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£87k cost of rural crime

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By Fiona Reid
Annan and Eskdale
£87k cost of rural crime

RURAL crime cost Dumfriesshire £87,848 last year, according to new figures.

And that was a slight rise on 2014, when the cost locally came in at £84,960.
The figures form part of NFU Mutual’s annual Rural Crime Report, which show that there was a cost to Scotland last year of £1.7m, and £43.5 million to the UK as a whole.
According to the rural insurer, the items most commonly targeted by thieves across Scotland over the last 12 months were quad bikes, tools from farms and businesses and oil and diesel.
Martin Malone, NFU Mutual regional manager for Scotland said: “It’s good news that rural crime in Scotland has gone down for the second year running. We believe that it’s largely down to the massive efforts of rural dwellers, the police and ourselves to make it hard for thieves to operate in the countryside.
“However, years of experience working with farmers and police to tackle rural crime has taught us one important message: thieves don’t go away; if you improve security in one area they will step back, and seek a way to bypass your security measures – or find something else they can steal from farms.
“Unfortunately, this means farmers face a continual battle to stay one step ahead of the thieves, by keeping an ear to the ground to follow local crime trends and continually reviewing and improving security.”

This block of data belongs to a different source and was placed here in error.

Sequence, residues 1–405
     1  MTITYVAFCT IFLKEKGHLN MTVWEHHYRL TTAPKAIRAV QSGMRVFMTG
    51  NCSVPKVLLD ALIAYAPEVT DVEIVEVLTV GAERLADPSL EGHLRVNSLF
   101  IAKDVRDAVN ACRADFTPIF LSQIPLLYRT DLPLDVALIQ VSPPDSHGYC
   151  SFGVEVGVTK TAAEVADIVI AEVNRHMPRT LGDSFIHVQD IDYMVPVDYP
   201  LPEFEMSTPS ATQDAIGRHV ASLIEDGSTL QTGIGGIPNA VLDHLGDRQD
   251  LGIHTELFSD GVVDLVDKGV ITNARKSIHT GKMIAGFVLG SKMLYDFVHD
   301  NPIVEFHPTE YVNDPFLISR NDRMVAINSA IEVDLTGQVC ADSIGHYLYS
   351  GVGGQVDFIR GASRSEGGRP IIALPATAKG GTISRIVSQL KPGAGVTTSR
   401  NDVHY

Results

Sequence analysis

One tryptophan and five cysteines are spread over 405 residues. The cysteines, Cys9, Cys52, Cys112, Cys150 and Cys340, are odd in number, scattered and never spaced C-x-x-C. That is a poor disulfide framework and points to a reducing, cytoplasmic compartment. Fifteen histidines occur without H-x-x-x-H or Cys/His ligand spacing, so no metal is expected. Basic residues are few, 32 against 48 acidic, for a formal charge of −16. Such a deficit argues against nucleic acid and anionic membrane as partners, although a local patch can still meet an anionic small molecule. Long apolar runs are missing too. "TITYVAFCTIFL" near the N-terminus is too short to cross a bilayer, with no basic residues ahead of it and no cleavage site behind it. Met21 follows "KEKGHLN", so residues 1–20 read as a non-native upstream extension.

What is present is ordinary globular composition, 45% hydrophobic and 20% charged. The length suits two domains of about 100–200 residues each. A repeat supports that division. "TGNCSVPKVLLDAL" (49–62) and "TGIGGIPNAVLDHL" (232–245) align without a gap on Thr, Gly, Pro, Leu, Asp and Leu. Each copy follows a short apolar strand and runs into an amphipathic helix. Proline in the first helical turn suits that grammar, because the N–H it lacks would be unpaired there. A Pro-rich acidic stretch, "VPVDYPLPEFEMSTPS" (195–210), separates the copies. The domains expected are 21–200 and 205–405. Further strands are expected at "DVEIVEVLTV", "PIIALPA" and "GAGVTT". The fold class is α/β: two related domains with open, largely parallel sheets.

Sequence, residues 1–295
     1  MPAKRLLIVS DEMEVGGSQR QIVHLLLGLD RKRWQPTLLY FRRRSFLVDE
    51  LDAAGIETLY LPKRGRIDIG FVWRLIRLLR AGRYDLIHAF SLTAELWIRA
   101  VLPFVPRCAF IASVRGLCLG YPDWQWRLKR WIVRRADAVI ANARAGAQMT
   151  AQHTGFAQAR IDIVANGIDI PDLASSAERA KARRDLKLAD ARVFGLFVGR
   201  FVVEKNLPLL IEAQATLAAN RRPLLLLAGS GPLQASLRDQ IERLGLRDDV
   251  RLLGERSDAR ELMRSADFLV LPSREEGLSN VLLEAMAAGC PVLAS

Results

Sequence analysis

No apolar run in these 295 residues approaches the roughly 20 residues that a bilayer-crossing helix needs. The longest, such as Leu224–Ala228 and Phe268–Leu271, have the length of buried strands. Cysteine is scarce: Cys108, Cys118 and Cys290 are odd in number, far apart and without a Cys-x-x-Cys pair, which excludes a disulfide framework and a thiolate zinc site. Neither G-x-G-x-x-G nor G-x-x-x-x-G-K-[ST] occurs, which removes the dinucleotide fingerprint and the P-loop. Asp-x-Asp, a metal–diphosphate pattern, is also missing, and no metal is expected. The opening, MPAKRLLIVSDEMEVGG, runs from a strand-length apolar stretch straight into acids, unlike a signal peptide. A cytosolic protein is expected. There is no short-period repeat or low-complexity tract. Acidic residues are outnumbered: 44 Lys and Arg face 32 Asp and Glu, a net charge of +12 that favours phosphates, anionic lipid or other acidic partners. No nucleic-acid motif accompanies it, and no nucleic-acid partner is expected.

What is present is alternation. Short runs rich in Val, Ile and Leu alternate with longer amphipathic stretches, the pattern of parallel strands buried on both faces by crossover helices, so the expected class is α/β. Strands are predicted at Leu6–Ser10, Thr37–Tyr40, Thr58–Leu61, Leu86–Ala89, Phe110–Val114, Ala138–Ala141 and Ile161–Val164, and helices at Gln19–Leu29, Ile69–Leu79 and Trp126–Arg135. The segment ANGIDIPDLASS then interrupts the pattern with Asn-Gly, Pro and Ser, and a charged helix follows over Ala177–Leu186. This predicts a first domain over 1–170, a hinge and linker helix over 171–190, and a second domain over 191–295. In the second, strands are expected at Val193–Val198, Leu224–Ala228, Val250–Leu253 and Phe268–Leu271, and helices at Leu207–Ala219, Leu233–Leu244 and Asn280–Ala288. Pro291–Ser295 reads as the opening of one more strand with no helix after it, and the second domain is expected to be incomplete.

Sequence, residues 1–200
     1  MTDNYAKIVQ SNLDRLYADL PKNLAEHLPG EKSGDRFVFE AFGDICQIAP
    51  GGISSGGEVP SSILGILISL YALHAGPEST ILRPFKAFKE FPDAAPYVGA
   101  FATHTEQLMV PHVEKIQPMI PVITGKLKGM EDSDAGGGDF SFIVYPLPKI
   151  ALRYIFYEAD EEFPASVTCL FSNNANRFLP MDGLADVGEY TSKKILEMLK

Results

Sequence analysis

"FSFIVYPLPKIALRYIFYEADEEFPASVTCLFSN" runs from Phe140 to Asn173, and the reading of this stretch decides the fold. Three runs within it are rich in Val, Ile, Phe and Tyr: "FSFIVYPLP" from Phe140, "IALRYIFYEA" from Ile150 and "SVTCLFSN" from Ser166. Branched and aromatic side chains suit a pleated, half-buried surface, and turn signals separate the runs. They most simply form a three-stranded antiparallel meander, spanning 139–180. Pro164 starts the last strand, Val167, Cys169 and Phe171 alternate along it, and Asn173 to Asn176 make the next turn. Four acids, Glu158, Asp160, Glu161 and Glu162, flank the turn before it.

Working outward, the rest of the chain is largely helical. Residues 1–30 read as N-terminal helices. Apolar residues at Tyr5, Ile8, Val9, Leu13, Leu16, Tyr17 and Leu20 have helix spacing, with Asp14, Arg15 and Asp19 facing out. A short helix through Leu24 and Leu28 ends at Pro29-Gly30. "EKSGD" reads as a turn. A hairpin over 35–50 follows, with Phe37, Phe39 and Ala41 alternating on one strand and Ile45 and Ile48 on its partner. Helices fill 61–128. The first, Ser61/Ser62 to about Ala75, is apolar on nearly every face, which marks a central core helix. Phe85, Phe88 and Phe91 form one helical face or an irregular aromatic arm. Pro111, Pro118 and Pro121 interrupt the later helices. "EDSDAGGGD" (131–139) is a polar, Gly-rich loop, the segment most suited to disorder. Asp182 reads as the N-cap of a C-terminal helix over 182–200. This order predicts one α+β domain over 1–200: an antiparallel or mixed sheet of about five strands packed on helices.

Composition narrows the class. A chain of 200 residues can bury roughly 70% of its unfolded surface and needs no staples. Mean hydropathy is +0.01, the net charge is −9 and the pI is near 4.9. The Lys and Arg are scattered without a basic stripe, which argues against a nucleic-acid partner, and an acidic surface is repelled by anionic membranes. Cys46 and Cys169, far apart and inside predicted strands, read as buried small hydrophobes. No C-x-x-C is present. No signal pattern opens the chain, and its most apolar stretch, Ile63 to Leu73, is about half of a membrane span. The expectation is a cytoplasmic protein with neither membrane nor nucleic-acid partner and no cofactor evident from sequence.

He said the new Scottish Partnership Against Rural Crime (SPARC) initiative is already showing results and sending a clear message to would-be thieves that the countryside is not an easy target.
And Mr Malone said: “Rural thieves are becoming increasingly sophisticated and using computers rather than bolt cutters to steal from farms and country properties. Farmers and police have been working hard to adopt high-tech security measures to tackle the problems which now include: cloning tractor identities, advertising non-existent machinery in agricultural publications and stealing the GPS computer systems which are a key part of modern farming.”
The survey also revealed that social media is now the main resource for sharing information about crime in rural communities and is a valuable tool – not only in the prevention of rural crime but also for catching criminals and returning stolen goods.
“Our advice to people living and working in the countryside remains the same; evaluate your current security measures making improvements where necessary, remain vigilant and report any suspicious activity to the local police but also community watch schemes,” added Mr Malone.
For more information and advice on how to beat rural crime visit


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